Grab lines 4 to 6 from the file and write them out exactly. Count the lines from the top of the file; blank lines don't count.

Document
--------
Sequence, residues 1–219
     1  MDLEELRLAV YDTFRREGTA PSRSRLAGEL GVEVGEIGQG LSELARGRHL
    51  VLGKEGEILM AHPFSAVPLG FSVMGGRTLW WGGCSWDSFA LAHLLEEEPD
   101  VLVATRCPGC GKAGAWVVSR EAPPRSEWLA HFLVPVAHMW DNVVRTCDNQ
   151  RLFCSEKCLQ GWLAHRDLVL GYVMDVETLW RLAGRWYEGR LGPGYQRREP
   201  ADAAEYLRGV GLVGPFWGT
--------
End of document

   101  VLVATRCPGC GKAGAWVVSR EAPPRSEWLA HFLVPVAHMW DNVVRTCDNQ
   151  RLFCSEKCLQ GWLAHRDLVL GYVMDVETLW RLAGRWYEGR LGPGYQRREP
   201  ADAAEYLRGV GLVGPFWGT